I must admit that the recent commentary by @chefpmistry within the @nytimes article describing haute cuisine as being inherently racist and “disingenuous” and as one that appropriates from minorities and urban communities (and supported without context by the great @kimseverson) flies in the face of my own experiences and seems to represent a trend in food writing that posits that the lack of diversity exists because of some nefarious plot by chefs. This couldn’t be further from the truth (just ask said chefs) … as someone who treasures progressive, “fine dining” (whatever that means) restaurants for the inclusivity, internationalism, and diversity of their staffs, I am troubled by such accusations. So is my team--who represent all genders, orientations, socioeconomic strata, political stripes, a dozen different countries, and multiple religions. It is intimated in the article that we aren’t upon a journey that is sufficiently “woke". Please tell that to the communities, growers, artisans, and charities that benefit from many of such restaurants.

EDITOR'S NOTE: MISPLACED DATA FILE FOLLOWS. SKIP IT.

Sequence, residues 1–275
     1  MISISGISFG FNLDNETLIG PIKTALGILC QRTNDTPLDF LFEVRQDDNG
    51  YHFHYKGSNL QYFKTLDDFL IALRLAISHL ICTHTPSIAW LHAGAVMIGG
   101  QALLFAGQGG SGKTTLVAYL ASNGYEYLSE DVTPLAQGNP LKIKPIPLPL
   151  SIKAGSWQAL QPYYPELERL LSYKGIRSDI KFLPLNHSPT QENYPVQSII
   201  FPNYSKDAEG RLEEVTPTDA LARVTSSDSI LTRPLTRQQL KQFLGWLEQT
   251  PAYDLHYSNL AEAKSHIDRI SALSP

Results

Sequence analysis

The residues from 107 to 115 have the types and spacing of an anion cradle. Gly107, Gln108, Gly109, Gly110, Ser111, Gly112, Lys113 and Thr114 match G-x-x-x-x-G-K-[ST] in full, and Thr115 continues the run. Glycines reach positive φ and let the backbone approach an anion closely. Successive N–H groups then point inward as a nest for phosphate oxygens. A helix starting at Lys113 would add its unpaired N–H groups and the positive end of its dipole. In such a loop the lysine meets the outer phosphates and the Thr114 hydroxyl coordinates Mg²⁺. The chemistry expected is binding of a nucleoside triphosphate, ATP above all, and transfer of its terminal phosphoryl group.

There are few workplaces in the world as diverse as the kitchens and dining rooms of many of these restaurants. Perhaps the food media should be less cavalier in trying to tear people like @chefthomaskeller down, and stop relying on outdated and thinly researched beliefs to draw conclusions from.